Movies like this where common in the 1930’s, glorifying those who held jobs central to society (Tiger Shark, Night Flight, Slim). Call them propaganda but they were effective and informative. Although I don’t have any real interest in medicine or healthcare (despite both my parents being nurses) Men In White gives a real sense of awe and wonder to medical world such as when Dr. McCabe (Henry B. Walthall) the elder doctor who gives a rousing speech at the beginning of the film on all the medical advances in his lifetime (anesthesia, sterilization, surgery, x-ray) and the figures behind them. We’ve come much further since 1934, certainly when it comes to the etiquette of the doctors on display. In one scene a doctor hits on a nurse in the open for everyone else to hear while other doctors have no problem openly talking about their sex lives (“Being in love kills your sex life”). There is even one scene in which a doctor is running through the public area of the hospital wearing only a towel! If that happened today it would be all over the tabloids.

Men In White paints a picture of just how demanding a job as a doctor is, working round the clock; Dr. Ferguson works 16-18 hours a day for $20 a week (in 1934 or course). His finance Laura (Myrna Loy) has a selfish streak to her, getting frustrated with Ferguson when he’s only doing his job and one which is detrimental to saving the lives of others. Additionally Jean Hersholt (Hollywood’s great Dane and an actor who has that look of great intellect) as Ferguson’s mentor pressure’s George to put greater priority to his career than his love life. The film’s ending isn’t so predictable having me question whether or not George and Laura will end up together in the end.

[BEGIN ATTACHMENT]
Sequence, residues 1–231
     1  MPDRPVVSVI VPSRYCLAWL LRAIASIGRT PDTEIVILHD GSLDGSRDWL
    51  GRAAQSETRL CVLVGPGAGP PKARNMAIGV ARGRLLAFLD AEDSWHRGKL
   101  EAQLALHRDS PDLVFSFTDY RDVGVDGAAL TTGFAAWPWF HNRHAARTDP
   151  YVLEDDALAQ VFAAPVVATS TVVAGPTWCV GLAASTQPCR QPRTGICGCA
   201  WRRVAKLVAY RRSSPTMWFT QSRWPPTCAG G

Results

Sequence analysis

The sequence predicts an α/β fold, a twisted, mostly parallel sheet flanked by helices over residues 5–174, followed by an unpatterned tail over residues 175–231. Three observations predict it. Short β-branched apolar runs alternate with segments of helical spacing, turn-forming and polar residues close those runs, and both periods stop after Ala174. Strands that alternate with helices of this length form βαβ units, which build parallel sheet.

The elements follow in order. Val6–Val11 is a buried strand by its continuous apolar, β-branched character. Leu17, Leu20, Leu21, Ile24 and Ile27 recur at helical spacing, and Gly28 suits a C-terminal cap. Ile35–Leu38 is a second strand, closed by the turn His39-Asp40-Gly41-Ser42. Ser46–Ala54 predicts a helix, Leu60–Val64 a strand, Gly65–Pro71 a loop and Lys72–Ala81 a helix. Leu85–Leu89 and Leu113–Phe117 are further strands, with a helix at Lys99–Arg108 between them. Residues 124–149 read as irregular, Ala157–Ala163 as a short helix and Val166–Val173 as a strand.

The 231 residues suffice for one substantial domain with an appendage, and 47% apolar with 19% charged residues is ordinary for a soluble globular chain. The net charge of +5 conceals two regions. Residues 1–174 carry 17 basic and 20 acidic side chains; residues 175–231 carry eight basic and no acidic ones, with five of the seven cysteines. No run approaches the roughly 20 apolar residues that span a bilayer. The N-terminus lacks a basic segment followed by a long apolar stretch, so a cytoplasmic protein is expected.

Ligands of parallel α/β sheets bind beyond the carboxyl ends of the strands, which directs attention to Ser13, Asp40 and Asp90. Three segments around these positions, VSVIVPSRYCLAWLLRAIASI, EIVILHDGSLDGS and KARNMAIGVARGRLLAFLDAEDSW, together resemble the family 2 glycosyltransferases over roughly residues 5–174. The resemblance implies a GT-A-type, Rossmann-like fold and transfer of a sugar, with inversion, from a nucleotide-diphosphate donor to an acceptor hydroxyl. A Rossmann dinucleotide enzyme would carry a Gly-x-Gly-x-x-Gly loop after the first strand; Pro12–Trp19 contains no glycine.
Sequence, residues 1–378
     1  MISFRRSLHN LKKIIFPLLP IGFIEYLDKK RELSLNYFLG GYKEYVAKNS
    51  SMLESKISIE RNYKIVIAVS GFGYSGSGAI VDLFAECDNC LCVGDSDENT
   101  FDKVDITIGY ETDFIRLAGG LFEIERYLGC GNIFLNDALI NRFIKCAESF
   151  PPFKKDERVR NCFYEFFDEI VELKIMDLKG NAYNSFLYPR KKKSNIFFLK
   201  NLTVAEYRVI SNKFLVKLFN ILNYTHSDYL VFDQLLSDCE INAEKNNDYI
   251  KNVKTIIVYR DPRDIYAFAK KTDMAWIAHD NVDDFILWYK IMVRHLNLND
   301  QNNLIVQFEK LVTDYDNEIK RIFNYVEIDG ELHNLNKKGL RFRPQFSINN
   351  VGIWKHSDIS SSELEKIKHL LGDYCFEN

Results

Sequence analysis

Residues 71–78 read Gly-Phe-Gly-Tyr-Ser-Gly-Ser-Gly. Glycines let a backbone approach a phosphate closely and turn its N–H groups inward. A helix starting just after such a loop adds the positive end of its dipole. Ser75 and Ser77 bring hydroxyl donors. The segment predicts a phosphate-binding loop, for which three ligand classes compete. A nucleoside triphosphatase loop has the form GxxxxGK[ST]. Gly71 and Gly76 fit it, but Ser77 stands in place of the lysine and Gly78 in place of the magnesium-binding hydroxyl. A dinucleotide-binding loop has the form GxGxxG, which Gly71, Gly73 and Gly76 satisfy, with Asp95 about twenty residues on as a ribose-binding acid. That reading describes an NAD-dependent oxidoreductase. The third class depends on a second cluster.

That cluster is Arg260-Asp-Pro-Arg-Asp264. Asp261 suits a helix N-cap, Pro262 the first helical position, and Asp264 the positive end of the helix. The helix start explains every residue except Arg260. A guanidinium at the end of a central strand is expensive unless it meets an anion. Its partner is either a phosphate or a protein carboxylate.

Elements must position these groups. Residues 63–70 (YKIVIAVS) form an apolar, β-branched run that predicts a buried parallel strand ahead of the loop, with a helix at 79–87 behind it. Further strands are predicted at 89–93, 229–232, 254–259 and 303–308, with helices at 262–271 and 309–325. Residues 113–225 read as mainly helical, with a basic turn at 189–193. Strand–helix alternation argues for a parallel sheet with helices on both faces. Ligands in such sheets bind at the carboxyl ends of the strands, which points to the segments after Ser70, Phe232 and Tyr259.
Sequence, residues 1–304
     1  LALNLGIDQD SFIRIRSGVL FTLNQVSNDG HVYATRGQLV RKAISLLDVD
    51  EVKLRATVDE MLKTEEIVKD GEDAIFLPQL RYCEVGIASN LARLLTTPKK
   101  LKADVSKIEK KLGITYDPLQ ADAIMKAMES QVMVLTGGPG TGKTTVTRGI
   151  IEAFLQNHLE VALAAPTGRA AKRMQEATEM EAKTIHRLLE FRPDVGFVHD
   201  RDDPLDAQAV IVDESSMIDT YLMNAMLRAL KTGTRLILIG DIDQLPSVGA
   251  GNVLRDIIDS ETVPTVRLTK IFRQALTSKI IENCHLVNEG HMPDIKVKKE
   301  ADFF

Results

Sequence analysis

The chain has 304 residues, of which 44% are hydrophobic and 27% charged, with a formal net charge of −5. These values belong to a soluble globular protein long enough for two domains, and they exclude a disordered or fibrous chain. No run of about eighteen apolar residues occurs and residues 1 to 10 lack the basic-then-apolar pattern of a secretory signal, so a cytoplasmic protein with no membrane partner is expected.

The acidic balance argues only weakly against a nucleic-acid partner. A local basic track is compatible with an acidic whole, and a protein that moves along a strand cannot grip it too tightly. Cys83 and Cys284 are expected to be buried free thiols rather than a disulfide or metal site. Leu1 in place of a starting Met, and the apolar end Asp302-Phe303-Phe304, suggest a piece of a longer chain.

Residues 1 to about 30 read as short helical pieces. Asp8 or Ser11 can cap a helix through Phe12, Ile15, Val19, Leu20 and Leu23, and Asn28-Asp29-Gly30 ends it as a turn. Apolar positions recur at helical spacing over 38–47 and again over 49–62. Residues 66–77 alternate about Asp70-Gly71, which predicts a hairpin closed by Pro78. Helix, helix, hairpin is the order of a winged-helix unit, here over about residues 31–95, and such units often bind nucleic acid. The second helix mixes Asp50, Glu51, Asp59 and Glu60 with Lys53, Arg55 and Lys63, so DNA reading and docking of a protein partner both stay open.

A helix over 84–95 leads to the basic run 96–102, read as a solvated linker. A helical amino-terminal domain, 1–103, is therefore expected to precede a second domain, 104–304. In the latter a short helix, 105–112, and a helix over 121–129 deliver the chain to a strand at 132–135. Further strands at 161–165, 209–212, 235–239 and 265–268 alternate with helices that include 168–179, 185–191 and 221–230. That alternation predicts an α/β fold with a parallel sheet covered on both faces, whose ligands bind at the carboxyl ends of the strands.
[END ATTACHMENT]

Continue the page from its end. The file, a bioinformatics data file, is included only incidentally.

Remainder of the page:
Men In White also showcases corruption which can exist within hospitals when a superior doctor knowingly gives a child too much insulin, only for Dr. Ferguson to interfere even if it puts his job on the line. Once the child recovers from the insulin overdose, the superior doctor takes the credit; douche. The child, however, thanks and hugs Dr. Ferguson at the end of the film in what I feel is the movie’s most inspiring moment. Gable isn’t playing a brute here like he often does but rather someone who can project a level of warmth especially with his interaction with his child patient.

The scene in which Dr. Ferguson and the English nurse Barbara Den (Elizabeth Allen) are bonding over their loneliness and then start kissing is a breathtaking sequence. This leads to the most daring aspect of Men In White is the inclusion of abortion in the film’s plot. When I first watched the film I didn’t catch on that the big surgery scene itself was the result of a failed back alley abortion as the film’s hints are very subtle; it’s all in the undertones of the movie. That’s one reason why Men In White is re-watching; distinguishing what’s being said and shown versus what is really going on. If anything this is much more fun and satisfying having the movie simply spell everything out to the viewer.

When it is discovered Nurse Den attempted to get an abortion it is simply alluded to that she has a condition worse than a ruptured appendix and before the surgery itself Dr. Ferguson is questioned, “who is the man?”. It’s not made clear if the child being terminated is the result of the affair between Ferguson and Den, however, before their fling she is seen feeling unwell. Although I can’t comment of how accurate a depiction Men In White is of the medical profession I was still amazed at the level of detail in the movie from the terminology to the wide range of instruments used. One particular moment which stood out to me was the rigorously high level of sanitization the staff must go through prior to surgery. The film has an economic length of only 73 minutes but packs so much content. I’d happily become ill just to go to this hospital.